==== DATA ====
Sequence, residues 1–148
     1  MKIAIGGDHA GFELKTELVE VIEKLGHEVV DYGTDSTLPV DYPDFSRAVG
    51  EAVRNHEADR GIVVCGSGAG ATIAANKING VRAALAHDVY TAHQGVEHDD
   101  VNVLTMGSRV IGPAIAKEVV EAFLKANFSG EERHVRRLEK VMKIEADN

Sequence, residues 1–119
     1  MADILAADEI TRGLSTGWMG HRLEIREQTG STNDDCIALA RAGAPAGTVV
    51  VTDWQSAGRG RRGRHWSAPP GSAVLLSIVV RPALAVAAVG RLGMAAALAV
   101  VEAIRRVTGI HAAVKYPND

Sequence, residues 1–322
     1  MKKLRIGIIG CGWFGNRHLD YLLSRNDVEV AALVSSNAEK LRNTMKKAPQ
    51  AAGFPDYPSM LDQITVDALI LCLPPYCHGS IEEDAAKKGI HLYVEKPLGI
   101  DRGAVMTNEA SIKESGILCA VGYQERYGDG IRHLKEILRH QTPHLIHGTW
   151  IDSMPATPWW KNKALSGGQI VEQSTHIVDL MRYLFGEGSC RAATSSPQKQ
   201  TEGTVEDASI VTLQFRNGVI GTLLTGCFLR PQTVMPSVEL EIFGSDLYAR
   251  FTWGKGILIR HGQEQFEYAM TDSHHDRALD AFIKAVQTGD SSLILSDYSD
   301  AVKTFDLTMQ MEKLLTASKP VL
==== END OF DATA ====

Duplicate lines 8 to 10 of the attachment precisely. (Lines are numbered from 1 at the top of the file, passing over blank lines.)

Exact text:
   101  VEAIRRVTGI HAAVKYPND

Sequence, residues 1–322
     1  MKKLRIGIIG CGWFGNRHLD YLLSRNDVEV AALVSSNAEK LRNTMKKAPQ